Two days before he was to ship out to Army boot camp, my son walked the Main Trail at the Arboretum. It wasn’t a “nostalgia tour,” though there is a long history of Arboretum visits while he was growing up. It was more about doing something on his last weekend of civilian life that was less prone to catastrophic injury than riding his motorcycle or snowboarding, which were his first two choices.
While most visitors consider Arboretum staff members to have the coolest job ever, my adolescent son has contrary opinions. This means that the memories of his visits are restricted to the first dozen years of his life when he was less judgmental and still willing to accompany me to work. Even then, he was never particularly enthused. Growing up in a working class town, dads were supposed to drive lifted, four-wheel-drive trucks, drink Bud Light, hunt, work in the mines, and spit a lot. I don’t do any of these things and so he has always considered me and my job as a horticulturist to be lame. “Face it,” he says. “You are so gay.”
Having actively participated in a two decade, heterosexual relationship that has produced two children -- one of whom is my accuser -- I considered his comment to be a little naïve. But, of course, he didn’t mean it that way. He would hardly recognize the word “gay” if it were used in its classic sense, as in the line “gay happy meetings” from the song It’s the Most Wonderful Time of the Year. And he also wasn’t referring to the common and widely accepted use that defines gay by contrasting it with its functional opposite, straight. His intended meaning is what the Urban Dictionary defines as someone who is “stupid or unfortunate.” In other words, I rated as the worst source of embarrassment: a father who is a wine sipping, fuel efficient, plant-lovin’ non-spitter.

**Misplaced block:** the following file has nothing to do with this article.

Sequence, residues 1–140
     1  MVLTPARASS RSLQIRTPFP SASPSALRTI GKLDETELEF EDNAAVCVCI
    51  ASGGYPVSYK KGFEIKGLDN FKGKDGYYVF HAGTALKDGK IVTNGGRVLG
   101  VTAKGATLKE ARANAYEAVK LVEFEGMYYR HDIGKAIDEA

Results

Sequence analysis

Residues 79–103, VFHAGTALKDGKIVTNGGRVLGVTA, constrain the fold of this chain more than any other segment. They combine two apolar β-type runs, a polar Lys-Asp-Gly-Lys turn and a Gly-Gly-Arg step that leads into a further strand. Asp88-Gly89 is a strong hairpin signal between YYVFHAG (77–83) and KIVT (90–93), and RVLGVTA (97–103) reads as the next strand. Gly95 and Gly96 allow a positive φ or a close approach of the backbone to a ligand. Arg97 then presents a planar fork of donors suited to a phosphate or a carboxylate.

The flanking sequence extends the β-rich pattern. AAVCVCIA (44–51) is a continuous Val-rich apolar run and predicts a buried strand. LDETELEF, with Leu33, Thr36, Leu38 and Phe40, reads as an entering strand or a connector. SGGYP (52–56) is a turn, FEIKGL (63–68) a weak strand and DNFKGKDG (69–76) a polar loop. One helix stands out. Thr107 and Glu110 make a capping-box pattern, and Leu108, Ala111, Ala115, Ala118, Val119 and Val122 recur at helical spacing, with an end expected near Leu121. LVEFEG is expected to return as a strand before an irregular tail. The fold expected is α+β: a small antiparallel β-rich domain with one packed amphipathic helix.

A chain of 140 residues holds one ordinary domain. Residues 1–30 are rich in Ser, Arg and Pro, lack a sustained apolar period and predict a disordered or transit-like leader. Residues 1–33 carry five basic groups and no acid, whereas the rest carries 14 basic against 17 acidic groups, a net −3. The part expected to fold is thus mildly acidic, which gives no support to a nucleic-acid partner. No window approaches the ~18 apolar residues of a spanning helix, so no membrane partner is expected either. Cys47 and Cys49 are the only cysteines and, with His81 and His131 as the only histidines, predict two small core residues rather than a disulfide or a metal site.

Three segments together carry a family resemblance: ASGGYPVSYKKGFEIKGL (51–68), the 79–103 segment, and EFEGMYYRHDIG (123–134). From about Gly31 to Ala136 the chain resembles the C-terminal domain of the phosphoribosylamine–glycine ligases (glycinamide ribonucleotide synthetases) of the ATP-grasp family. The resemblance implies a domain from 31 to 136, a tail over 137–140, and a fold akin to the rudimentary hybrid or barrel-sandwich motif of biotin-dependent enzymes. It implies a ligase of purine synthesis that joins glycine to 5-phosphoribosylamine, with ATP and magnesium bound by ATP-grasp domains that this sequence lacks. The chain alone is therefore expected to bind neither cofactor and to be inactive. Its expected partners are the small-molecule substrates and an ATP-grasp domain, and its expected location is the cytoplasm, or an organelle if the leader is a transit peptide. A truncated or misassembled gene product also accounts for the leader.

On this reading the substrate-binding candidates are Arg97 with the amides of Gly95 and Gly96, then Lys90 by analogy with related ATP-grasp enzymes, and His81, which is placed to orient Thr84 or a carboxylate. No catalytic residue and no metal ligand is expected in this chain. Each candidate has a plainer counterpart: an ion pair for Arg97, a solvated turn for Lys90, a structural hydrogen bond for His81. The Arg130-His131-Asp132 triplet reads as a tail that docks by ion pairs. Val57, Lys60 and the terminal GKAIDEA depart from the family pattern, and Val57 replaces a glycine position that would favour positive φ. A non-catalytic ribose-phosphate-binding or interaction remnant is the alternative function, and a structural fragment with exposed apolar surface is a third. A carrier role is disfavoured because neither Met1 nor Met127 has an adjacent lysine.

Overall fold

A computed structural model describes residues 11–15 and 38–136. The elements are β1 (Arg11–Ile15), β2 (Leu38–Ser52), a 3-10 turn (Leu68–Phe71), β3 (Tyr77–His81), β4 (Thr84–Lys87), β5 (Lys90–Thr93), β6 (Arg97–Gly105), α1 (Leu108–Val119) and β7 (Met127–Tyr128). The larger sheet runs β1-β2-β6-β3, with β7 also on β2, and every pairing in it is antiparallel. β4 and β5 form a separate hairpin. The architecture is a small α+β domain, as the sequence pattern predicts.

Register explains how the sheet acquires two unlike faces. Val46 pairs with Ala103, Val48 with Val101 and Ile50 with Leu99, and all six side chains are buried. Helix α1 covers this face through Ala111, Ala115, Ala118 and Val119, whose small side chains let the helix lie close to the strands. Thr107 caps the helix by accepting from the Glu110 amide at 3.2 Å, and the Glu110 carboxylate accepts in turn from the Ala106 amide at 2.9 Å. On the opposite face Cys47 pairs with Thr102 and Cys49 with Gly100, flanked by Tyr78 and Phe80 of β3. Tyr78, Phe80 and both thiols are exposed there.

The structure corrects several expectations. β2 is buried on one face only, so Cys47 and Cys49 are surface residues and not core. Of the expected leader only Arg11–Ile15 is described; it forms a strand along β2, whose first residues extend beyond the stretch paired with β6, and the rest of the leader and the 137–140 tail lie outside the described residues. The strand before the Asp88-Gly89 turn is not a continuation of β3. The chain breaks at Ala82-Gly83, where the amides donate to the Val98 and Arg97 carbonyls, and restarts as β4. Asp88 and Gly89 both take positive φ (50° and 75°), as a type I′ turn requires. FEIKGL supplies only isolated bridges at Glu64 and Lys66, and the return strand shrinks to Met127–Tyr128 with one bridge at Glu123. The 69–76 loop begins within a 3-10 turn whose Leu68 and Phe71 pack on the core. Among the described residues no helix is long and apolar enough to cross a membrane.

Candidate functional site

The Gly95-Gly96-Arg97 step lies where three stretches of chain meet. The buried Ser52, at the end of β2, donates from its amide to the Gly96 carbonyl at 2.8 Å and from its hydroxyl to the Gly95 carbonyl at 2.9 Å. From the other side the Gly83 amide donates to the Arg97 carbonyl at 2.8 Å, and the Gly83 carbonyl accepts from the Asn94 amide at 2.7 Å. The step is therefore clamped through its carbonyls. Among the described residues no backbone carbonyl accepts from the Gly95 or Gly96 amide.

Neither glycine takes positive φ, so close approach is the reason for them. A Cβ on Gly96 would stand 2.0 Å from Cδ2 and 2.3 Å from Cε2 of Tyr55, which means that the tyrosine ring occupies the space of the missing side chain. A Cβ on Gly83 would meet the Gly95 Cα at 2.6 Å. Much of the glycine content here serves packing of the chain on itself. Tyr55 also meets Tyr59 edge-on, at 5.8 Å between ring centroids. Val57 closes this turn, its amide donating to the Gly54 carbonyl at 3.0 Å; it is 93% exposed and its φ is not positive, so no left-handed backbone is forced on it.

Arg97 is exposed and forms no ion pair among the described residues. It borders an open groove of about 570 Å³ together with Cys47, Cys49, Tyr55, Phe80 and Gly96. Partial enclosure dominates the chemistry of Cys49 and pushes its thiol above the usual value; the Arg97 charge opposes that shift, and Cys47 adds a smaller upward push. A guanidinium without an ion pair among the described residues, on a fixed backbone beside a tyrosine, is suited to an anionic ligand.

It was a spur-of-the-moment trip, the kind of diversion that doesn’t grant enough time for pre-conceived notions or attitudes to gain a head of steam. He was relaxed and memories just sort of popped into his head as we walked.
“I think I saw that kid’s name carved in the tree back there,” he said to me, grinning.
He was referring to a graffiti incident that happened during a tour that I was leading for my daughter’s class about ten years ago when she was in junior high. One of the kids snuck around the back of a large diameter red gum near Mr. Big and used the stiff quill of a Turkey Vulture feather – remarkably similar to the one that I had just demonstrated seconds earlier -- to carve J-U-S-T-I-N into the soft white bark. When I discovered it later that day, I was livid and you couldn’t shut me up about it. Even though the tree shed the bark that was carved, the incident still needles me. And he knows it.
He remembered the collection of 100 crayfish that we had trapped from Ayer Lake and laid out in five neat rows on a concrete slab for a group photo in 2002. We were in the midst of a crayfish eradication program at the time, and we thought that if we framed the resultant photograph and hung it over the lake, the remaining 95,000 would take the hint and surrender voluntarily. Needless to say they didn’t, and we ended up trapping over 25,000 the hard way before we finally gave up.
He noticed the missing boojum tree that died in 2004 and wondered what happened to it. He couldn't remember its name and so, like I've done a hundred times before, I seized on a learning opportunity. I told him that Mexicans call it a “cirio” (candle), botanists call it Fouquieria columnaris, but most Americans know it as a boojum tree because of Godfrey Sykes, a researcher from the Desert Laboratory in Tucson who named it on a trip to Mexico in 1922. "Thanks for that," he responded. "But what happened to it?"
We watched the coots paddling in the shallows of Ayer Lake and he asked if we still had the Gila top minnows and Sonoran pup fish. We used the Faul Suspension bridge as a wooden trampoline and leaned over the Benson Outback bridge to look at the 25 feet tall Eucalyptus trees along Silver King Wash that I planted when he was only eight years old.